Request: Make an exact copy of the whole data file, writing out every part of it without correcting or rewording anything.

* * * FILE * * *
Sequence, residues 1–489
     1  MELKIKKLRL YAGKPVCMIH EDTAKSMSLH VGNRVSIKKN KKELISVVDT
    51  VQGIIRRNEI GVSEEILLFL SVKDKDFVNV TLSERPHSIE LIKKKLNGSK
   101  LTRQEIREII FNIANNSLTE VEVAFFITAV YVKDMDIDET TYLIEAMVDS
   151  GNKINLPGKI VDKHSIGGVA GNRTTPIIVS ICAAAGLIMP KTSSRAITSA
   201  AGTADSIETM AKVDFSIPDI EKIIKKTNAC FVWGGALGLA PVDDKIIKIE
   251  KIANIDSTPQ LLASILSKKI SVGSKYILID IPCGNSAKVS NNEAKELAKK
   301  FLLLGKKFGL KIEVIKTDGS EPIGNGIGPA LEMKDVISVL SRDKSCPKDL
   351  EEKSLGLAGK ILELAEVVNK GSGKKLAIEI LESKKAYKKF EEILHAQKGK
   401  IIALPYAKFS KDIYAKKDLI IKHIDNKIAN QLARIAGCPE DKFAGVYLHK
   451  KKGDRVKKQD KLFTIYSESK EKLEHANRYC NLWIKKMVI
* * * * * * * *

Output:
Sequence, residues 1–489
     1  MELKIKKLRL YAGKPVCMIH EDTAKSMSLH VGNRVSIKKN KKELISVVDT
    51  VQGIIRRNEI GVSEEILLFL SVKDKDFVNV TLSERPHSIE LIKKKLNGSK
   101  LTRQEIREII FNIANNSLTE VEVAFFITAV YVKDMDIDET TYLIEAMVDS
   151  GNKINLPGKI VDKHSIGGVA GNRTTPIIVS ICAAAGLIMP KTSSRAITSA
   201  AGTADSIETM AKVDFSIPDI EKIIKKTNAC FVWGGALGLA PVDDKIIKIE
   251  KIANIDSTPQ LLASILSKKI SVGSKYILID IPCGNSAKVS NNEAKELAKK
   301  FLLLGKKFGL KIEVIKTDGS EPIGNGIGPA LEMKDVISVL SRDKSCPKDL
   351  EEKSLGLAGK ILELAEVVNK GSGKKLAIEI LESKKAYKKF EEILHAQKGK
   401  IIALPYAKFS KDIYAKKDLI IKHIDNKIAN QLARIAGCPE DKFAGVYLHK
   451  KKGDRVKKQD KLFTIYSESK EKLEHANRYC NLWIKKMVI